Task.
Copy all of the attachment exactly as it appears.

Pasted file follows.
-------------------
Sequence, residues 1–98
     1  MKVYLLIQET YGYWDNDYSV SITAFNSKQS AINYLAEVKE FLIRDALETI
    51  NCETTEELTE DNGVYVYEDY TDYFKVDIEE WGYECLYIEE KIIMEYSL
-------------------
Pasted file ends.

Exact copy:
Sequence, residues 1–98
     1  MKVYLLIQET YGYWDNDYSV SITAFNSKQS AINYLAEVKE FLIRDALETI
    51  NCETTEELTE DNGVYVYEDY TDYFKVDIEE WGYECLYIEE KIIMEYSL